Comment: Why Are You So Obsessed With Me?

MySpin: Australian cars community Aaron 2 years ago

I'll be the first to admit. I love SUV's. I love the idea of bounding along on the beaten track, scourging through dirt roads, climbing up steep mountains that even Sir Ranulph Fiennes would turn his back on. And it’s not just me. The SUV segment is the second largest in the Australian motoring industry, with more than 140,000 of them being sold in 2015, and that number has continued to rise. Admittedly, more than half of these ‘SUVs’ are mere crossover SUV’s, designed to get the kids from school, to soccer then to home.

Almost 20 years ago, when I was still learning how to pronounce the word ‘Please’, if you had wanted an SUV, your only choices were the Toyota Land Cruiser and/or a Range Rover. And that was it.

Today, 20 years later, and nearly every single manufacturer has some form of SUV/crossover. Even Lamborghini have jumped on the bandwagon, along with Rolls Royce. ROLLS ROYCE! the people who make luxury vehicles softer than a mining executives chesterfield sofa!

It isn’t hard to see the appeal of SUV’s when you examine them for more than a second. Big, spacious, high riding vehicles with the stability of AWD to provide somewhat of an illusion as to being able to go off-road, when the reality is that the toughest obstacle they’ll face are gravel roads or speed bumps in shopping centre carparks.

But after a while of contemplating the mindset of an SUV buyer (yes, that’s how interesting my life is), it conjures up a question. What’s the big appeal?

There’s more room!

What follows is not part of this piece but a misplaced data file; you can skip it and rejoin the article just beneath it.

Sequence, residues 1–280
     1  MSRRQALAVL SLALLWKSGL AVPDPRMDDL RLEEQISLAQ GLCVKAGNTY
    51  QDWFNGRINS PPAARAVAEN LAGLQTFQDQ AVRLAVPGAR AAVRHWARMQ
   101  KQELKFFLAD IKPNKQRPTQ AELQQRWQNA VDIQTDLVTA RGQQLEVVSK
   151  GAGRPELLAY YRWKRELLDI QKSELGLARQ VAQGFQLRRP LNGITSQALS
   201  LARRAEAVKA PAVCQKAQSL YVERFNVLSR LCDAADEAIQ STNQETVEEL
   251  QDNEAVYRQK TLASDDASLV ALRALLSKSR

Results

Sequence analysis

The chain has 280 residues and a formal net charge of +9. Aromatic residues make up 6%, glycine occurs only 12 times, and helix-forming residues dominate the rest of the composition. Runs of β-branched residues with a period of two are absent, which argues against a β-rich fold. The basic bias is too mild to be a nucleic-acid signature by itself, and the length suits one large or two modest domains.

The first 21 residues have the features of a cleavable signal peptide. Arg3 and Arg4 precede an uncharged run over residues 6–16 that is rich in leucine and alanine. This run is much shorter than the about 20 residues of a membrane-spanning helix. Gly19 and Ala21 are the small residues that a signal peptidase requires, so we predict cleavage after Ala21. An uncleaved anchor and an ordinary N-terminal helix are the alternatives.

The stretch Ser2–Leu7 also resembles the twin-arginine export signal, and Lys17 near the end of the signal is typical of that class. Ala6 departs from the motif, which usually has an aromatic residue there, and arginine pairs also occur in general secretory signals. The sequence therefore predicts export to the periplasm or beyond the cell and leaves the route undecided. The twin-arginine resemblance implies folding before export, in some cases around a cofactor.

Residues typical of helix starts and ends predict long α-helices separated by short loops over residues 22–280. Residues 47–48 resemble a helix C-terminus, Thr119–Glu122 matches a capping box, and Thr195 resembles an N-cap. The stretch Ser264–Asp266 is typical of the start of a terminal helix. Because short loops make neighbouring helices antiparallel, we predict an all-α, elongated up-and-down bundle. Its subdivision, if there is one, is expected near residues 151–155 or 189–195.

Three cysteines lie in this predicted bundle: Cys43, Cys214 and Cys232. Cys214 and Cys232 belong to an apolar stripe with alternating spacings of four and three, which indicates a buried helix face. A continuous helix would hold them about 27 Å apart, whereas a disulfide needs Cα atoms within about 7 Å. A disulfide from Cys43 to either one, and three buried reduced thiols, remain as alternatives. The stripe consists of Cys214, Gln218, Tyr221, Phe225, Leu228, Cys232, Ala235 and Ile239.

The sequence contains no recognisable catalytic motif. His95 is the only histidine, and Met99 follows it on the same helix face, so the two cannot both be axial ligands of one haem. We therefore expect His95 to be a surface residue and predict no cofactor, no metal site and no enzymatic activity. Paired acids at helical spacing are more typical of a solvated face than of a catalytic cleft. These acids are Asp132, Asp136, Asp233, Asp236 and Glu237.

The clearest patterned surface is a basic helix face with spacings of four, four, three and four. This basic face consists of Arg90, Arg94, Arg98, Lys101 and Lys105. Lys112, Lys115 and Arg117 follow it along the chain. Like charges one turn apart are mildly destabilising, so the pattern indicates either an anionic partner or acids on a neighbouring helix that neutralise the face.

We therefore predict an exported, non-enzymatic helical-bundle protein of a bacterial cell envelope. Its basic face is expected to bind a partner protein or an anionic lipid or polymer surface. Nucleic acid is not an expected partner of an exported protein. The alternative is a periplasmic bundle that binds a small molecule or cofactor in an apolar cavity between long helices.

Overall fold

That would’ve read true 20 years ago, but now, not so much. A relative of mine recently purchased a Mazda CX-3, and I was surprised to see what little trunk space there was in the back! Now, I’m not going to go on a tangent here and start bagging on Mazda. The CX-3 is a great car. It’s nippy, efficient, and practical. But then again, my Ford Mondeo (A hatchback/sedan *ahem*) has more cargo capacity with the rear seats folded up then my cousins CX-3 has with the rear seats folded down. It gets almost the same fuel economy (I say almost, because mine has been playing up a little bit. If you know any good mechanics or vehicle diagnostic specialists, leave a comment below). So, why purchase a crossover with the illusion of being an SUV, when plenty of sedans and hatchbacks offer the same, if not, more room?

They’re safer!
Again, the same would have read true 20 years ago, but car’s nowadays, with all their radar avoidance, crash alert things, not to mention the plethora of airbags that come standard in nearly every car these days, it’s hard to see this as a major talking point. I will concede, however, that in an accident, I would much prefer to be in a Land Cruiser then a small Fiat 500, which by the way, scored the maximum 5 star euro NCAP rating.

They have AWD!
So does the Subaru Liberty. So does an Audi A3. So does a Volkswagen Passat. You can see my point here, right? AWD used to be the reserve of SUV’s, but now, whilst still rare, can be found on sedans and station wagons. Another point to make is that some crossovers don’t even come with AWD. The new Toyota C-HR didn’t even come with AWD when it was first released. And that was in 2017!. Not to mention that my cousin’s CX-3 doesn’t come with AWD as standard. Her model, the range topping Akari, does come with it, but as for the rest of the line up?

You can start to see why it befuddles people as to why everyones suddenly rushed out to buy SUVS and crossovers. And yet, if I left this office, and someone offered me the choice between a Toyota Prado or a Subaru Liberty, you’d know which one I’d take. Who knows, maybe one day the whole SUV craze will die down, and in it’s place, a new body trend may emerge. Maybe hatchbacks will become the craze! It’s hard to know, but for know, we’ll just have to sit back, and ride it out, as the plethora of soccer mums (and dads #equality) ride around in their softroaders.

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